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Nearly $d$-Linear Convergence Bounds for Diffusion Models via Stochastic Localization

Joe Benton · Valentin De Bortoli · Arnaud Doucet · George Deligiannidis

Halle B #38
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Wed 8 May 7:30 a.m. PDT — 9:30 a.m. PDT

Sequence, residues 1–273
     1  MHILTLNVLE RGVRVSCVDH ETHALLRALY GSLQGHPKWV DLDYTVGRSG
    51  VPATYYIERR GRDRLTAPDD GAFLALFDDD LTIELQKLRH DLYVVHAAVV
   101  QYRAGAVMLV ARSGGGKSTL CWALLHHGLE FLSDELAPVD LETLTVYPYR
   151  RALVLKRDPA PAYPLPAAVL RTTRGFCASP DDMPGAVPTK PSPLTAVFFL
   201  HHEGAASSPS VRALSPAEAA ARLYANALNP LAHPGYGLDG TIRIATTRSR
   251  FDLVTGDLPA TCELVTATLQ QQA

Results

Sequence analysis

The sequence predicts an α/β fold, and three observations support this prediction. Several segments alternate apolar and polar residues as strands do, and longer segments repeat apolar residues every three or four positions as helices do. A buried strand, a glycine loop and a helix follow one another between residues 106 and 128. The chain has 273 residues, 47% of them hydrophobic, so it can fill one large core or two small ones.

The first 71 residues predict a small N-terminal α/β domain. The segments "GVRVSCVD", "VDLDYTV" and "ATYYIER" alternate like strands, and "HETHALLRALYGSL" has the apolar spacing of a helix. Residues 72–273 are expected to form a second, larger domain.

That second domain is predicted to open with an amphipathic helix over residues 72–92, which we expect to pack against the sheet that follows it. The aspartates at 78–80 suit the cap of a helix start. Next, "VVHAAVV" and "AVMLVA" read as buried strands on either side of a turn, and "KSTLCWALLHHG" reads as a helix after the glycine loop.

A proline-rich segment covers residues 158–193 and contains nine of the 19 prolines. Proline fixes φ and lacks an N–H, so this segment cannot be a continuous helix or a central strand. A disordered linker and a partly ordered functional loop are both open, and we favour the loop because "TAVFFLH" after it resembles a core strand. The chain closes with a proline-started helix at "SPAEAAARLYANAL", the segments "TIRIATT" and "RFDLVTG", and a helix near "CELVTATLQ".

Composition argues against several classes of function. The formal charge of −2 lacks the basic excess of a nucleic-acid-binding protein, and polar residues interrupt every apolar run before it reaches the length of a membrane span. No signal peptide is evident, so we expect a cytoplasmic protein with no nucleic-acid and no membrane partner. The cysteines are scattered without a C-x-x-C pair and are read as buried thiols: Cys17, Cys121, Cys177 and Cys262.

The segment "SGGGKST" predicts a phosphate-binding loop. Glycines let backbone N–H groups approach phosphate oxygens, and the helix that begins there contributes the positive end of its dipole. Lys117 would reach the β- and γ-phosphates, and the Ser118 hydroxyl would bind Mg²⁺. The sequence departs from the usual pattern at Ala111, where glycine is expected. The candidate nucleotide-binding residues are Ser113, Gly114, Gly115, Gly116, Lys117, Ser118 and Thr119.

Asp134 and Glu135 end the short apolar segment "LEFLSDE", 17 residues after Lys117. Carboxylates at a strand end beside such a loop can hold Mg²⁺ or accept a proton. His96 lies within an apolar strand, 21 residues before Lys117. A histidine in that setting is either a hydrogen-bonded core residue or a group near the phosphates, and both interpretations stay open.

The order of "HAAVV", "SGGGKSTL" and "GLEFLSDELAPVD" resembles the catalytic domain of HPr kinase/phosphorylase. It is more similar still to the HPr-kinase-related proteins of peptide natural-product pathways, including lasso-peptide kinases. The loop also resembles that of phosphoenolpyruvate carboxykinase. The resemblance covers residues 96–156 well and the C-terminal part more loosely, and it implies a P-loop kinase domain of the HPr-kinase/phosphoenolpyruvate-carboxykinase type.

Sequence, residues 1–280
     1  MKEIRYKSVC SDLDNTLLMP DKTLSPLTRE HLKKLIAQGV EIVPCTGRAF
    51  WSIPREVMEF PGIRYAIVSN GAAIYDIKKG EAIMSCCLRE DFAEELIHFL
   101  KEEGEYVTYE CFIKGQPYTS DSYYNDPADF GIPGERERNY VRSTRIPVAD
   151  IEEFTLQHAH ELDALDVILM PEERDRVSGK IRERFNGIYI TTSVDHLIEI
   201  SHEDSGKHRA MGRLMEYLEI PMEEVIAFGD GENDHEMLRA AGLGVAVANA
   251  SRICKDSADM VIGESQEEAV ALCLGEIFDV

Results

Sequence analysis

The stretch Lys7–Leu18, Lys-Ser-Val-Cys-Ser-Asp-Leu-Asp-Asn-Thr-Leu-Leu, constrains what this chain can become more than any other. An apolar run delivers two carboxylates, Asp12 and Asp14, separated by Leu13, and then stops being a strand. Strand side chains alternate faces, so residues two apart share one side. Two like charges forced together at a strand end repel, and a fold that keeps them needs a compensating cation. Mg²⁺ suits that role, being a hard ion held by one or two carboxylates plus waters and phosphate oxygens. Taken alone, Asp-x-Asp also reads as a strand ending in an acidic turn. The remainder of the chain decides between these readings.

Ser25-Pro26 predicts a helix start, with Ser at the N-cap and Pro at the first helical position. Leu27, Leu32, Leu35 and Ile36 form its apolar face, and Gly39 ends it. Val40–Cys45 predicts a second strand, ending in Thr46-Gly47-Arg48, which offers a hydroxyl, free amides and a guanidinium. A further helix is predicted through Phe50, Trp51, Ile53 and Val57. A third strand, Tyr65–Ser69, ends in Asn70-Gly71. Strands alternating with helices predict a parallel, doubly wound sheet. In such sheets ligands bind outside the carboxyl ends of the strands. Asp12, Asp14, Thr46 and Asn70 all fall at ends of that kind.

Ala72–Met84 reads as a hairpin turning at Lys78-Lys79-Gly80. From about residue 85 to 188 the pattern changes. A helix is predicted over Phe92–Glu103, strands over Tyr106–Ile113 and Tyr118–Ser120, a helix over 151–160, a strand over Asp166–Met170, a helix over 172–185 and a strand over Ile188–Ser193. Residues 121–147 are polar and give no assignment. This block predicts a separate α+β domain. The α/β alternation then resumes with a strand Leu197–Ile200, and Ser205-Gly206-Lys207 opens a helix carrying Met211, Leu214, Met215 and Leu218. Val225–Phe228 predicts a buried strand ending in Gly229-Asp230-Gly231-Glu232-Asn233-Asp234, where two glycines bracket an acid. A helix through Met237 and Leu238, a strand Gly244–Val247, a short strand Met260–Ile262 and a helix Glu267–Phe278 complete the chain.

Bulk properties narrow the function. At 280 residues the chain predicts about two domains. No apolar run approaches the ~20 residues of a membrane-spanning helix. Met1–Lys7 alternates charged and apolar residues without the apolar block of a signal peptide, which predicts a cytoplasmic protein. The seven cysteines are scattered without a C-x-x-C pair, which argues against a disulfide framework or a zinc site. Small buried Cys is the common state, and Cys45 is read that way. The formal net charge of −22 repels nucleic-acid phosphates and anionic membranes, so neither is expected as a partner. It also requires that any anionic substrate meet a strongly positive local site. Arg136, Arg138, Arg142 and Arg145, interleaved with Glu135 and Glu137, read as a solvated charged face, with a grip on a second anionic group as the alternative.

Abstract: Denoising diffusions are a powerful method to generate approximate samples from high-dimensional data distributions. Recent results provide polynomial bounds on their convergence rate, assuming $L^2$-accurate scores. Until now, the tightest bounds were either superlinear in the data dimension or required strong smoothness assumptions. We provide the first convergence bounds which are linear in the data dimension (up to logarithmic factors) assuming only finite second moments of the data distribution. We show that diffusion models require at most $\tilde O(\frac{d \log^2(1/\delta)}{\varepsilon^2})$ steps to approximate an arbitrary distribution on $\mathbb{R}^d$ corrupted with Gaussian noise of variance $\delta$ to within $\varepsilon^2$ in KL divergence. Our proof extends the Girsanov-based methods of previous works. We introduce a refined treatment of the error from discretizing the reverse SDE inspired by stochastic localization.

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